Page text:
Nigeria is a country riven with inequality. 85% of the population survive on less than $2 a day, and certain regions, especially the North East, are far behind the rest of the country in terms of development.
Strong economic growth has not translated into improved living standards for the vast majority of the population, 60% of whom live in absolute poverty, an increase from 52% in 2004. In the north of the country, poverty levels are 40% higher than in the southern states. Many Nigerian children are out of school, and many of these are disproportionately in northern Nigeria.
Locked into a destructive cycle of poverty, underdevelopment and instability, northern Nigeria has been wracked by violence for many years, of which Boko Haram is just one manifestation. Their brutal attacks and abductions of women have earned them notoriety, but global media coverage barely scratches the surface of the insurgency, which includes killings, sexual violence, destruction of homes and livelihoods and other abuses on a vast scale. Despite recent victories by the Nigerian government, and claims they are now on the run, Boko Haram continues to wreak havoc across the North East of the country.
In addition to Boko Haram, Nigeria is struggling to control violence between Fulani herdsmen and regional farmers across the country. An escalation in violence over the last year has led the current conflict to overtake the Boko Haram insurgency as the most deadly crisis in Nigeria. With neither crisis lessening in intensity, Nigeria currently has over two million Internally Displaced People (IDPs) in addition to those that have fled the country all together.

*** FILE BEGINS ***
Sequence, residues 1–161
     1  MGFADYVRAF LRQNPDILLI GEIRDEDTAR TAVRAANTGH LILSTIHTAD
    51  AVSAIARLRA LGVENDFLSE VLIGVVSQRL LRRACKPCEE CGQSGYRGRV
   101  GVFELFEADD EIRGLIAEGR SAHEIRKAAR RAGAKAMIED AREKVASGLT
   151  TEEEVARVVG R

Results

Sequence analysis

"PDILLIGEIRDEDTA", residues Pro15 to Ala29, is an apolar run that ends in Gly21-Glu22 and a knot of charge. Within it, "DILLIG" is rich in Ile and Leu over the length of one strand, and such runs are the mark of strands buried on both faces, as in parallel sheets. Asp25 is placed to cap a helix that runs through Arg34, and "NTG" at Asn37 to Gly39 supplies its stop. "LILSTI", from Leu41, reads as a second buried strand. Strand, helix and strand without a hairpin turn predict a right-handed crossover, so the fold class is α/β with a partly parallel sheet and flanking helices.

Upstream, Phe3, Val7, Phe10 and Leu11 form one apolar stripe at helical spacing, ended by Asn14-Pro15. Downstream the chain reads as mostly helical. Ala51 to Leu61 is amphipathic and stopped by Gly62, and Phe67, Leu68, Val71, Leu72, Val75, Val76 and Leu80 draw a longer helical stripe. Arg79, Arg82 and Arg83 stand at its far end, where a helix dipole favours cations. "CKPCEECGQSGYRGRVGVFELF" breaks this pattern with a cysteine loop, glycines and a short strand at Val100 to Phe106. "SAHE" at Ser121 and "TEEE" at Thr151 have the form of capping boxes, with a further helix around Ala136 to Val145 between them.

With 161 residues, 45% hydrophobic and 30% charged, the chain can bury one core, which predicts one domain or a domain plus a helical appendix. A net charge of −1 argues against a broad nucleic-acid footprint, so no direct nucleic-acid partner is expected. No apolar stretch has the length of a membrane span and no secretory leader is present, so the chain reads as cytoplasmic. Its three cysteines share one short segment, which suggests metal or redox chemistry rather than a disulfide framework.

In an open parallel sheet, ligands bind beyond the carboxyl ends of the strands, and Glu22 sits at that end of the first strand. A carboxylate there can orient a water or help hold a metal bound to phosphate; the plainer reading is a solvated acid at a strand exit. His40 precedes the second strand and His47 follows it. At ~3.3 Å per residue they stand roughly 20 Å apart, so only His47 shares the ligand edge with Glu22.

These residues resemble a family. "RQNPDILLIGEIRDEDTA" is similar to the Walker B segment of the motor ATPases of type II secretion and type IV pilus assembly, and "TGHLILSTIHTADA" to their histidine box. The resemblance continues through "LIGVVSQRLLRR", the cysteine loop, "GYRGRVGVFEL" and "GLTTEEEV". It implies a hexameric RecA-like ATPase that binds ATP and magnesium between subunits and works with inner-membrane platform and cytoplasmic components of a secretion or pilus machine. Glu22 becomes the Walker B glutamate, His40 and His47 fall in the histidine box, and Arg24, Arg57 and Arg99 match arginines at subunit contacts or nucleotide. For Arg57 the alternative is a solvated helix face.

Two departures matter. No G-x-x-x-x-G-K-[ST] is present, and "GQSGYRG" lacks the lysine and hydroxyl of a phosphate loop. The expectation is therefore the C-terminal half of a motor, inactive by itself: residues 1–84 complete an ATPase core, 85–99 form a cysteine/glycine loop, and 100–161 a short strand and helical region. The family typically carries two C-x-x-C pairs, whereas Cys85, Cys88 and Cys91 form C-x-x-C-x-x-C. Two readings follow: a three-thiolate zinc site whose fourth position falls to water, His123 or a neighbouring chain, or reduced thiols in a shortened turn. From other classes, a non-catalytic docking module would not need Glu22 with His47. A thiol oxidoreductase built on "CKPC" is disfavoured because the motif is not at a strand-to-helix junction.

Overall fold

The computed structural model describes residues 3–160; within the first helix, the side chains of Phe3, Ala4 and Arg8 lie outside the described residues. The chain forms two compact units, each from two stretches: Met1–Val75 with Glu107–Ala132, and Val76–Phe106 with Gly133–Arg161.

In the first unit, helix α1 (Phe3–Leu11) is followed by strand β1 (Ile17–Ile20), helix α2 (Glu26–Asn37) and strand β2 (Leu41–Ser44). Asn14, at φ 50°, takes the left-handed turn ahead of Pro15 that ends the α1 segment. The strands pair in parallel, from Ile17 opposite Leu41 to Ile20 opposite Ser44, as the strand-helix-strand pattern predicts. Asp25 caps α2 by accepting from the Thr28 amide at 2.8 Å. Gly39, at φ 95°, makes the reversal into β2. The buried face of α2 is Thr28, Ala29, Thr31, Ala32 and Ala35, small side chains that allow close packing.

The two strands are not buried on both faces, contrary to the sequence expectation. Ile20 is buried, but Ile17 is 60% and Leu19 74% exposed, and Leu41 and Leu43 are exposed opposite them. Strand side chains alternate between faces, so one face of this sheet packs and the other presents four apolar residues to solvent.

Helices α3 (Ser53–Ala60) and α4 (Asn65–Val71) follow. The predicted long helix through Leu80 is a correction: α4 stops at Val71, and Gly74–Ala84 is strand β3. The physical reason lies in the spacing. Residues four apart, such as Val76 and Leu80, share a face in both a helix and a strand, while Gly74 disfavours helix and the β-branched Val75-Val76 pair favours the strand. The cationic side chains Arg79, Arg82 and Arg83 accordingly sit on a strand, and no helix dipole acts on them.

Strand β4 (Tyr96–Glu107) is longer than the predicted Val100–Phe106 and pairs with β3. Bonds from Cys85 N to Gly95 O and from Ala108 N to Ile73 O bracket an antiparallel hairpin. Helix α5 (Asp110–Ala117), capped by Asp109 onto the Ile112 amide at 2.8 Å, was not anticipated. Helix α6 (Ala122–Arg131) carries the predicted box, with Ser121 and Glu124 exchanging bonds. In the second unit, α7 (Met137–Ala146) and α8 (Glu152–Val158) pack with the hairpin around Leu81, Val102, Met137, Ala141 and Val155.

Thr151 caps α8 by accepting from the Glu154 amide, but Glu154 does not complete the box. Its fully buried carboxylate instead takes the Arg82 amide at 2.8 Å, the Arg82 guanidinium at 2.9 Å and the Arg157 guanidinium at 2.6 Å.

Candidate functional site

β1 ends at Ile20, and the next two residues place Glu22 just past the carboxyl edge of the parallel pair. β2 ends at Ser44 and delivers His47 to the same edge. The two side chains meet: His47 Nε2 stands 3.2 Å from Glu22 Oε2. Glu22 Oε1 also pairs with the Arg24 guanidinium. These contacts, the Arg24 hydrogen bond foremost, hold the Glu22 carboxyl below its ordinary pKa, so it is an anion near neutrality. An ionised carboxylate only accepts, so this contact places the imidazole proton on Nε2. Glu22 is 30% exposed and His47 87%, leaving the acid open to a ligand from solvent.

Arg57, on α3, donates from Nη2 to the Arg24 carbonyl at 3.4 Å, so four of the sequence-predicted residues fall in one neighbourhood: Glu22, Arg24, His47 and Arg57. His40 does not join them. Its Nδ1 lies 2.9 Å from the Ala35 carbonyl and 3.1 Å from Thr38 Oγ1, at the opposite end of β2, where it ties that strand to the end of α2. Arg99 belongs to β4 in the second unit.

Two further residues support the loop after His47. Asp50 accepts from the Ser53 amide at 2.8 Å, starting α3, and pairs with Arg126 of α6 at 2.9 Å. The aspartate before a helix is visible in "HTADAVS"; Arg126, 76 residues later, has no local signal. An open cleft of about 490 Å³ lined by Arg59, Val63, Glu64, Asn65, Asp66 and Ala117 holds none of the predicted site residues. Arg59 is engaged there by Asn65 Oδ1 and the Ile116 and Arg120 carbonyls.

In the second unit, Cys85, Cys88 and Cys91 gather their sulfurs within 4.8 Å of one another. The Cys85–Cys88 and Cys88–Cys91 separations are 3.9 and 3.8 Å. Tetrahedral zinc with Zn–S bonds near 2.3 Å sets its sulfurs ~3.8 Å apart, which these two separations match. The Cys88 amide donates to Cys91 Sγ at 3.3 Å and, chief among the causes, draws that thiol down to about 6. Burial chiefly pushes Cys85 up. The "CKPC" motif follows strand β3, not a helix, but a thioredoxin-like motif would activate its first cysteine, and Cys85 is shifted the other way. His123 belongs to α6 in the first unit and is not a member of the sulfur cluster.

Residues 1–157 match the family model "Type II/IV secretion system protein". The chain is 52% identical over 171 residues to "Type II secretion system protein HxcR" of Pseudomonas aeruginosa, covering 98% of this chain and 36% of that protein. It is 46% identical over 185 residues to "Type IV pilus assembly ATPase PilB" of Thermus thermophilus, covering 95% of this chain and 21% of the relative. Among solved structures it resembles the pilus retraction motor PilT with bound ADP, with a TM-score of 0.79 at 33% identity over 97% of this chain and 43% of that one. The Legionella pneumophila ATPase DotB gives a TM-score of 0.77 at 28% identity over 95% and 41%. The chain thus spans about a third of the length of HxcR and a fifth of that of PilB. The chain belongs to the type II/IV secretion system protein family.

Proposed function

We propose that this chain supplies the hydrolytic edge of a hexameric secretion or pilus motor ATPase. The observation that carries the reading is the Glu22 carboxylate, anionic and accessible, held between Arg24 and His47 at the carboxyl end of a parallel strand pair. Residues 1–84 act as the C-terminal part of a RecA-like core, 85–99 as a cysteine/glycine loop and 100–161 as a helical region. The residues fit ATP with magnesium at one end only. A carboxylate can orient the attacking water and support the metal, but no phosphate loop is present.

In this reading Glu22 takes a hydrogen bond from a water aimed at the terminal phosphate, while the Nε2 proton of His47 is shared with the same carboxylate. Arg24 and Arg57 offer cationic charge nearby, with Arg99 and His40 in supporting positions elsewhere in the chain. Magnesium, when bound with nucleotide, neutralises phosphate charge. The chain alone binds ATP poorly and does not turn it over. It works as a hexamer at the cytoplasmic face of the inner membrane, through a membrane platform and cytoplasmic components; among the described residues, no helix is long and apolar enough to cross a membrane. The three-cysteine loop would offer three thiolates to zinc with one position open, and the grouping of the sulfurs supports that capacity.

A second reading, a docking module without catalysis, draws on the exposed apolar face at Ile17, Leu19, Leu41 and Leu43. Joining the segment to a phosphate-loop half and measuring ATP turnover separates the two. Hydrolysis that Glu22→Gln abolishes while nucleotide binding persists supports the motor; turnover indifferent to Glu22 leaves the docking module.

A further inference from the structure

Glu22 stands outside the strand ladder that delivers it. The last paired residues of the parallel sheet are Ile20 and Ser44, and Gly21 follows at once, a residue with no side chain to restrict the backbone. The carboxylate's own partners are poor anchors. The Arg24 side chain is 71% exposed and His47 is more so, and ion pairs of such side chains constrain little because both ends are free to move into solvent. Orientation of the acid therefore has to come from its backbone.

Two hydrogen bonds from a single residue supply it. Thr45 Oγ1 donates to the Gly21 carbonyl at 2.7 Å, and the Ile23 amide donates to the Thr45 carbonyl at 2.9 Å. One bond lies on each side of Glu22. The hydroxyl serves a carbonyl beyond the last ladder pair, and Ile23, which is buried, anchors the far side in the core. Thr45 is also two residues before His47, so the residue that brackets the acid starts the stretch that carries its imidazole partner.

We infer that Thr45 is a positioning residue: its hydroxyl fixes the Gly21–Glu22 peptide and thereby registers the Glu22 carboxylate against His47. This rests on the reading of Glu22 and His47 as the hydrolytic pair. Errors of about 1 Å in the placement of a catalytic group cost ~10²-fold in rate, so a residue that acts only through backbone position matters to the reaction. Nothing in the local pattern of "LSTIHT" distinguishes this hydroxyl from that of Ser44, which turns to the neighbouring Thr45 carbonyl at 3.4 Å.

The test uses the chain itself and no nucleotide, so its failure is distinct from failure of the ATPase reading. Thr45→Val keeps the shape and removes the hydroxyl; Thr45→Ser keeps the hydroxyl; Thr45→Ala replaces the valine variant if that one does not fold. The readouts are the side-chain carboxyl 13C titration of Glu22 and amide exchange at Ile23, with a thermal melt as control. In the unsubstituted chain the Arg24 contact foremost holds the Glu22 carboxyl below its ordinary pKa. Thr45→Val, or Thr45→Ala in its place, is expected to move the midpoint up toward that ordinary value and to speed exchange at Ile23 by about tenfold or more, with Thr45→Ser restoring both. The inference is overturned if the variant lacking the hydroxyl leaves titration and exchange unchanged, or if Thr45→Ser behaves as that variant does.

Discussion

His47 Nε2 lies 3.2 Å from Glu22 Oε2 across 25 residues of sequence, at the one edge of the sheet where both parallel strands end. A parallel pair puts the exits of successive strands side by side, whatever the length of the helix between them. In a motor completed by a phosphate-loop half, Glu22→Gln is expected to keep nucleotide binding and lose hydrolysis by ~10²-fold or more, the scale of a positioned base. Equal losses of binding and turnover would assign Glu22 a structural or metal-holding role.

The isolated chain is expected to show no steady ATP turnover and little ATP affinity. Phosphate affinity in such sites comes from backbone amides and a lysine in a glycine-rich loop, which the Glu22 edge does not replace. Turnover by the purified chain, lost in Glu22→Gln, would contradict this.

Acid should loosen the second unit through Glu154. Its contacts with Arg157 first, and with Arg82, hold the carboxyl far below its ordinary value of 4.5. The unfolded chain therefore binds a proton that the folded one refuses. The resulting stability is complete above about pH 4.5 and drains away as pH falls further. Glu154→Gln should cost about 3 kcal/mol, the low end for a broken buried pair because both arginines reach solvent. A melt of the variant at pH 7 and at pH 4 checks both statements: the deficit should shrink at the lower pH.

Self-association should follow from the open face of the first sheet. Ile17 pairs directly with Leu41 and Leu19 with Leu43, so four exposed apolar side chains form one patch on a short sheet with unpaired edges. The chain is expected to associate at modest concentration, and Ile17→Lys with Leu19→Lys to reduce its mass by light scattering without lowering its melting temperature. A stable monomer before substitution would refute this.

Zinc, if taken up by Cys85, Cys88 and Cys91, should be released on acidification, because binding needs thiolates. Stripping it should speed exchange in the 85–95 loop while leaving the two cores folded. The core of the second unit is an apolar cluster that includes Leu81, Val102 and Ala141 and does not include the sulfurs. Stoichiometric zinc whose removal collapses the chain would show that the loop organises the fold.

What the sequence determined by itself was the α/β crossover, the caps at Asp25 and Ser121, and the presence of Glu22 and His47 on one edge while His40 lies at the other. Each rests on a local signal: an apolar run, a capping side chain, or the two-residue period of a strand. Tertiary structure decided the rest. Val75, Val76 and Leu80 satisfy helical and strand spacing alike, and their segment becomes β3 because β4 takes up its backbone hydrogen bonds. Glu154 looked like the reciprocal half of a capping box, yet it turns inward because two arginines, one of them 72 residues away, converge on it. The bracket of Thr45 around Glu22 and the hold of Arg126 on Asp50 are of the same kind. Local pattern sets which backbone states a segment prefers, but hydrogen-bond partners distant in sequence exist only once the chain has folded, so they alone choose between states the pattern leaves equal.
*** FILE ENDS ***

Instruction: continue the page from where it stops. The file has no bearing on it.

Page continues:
Between January and November 2019, over 1,000 Christians are estimated to have been killed by the Fulani, adding to the 6,000+ deaths since 2015. More details can be found below in our 2019 Nigeria Visit Report.
The Nigerian Government has proved largely ineffective in curbing these insurgencies, and have themselves been implicated in severe human rights violations including extra-judicial killings, torture and arbitrary detention.
We hope to visit our partners again in Nigeria before the end of the year. More information will follow.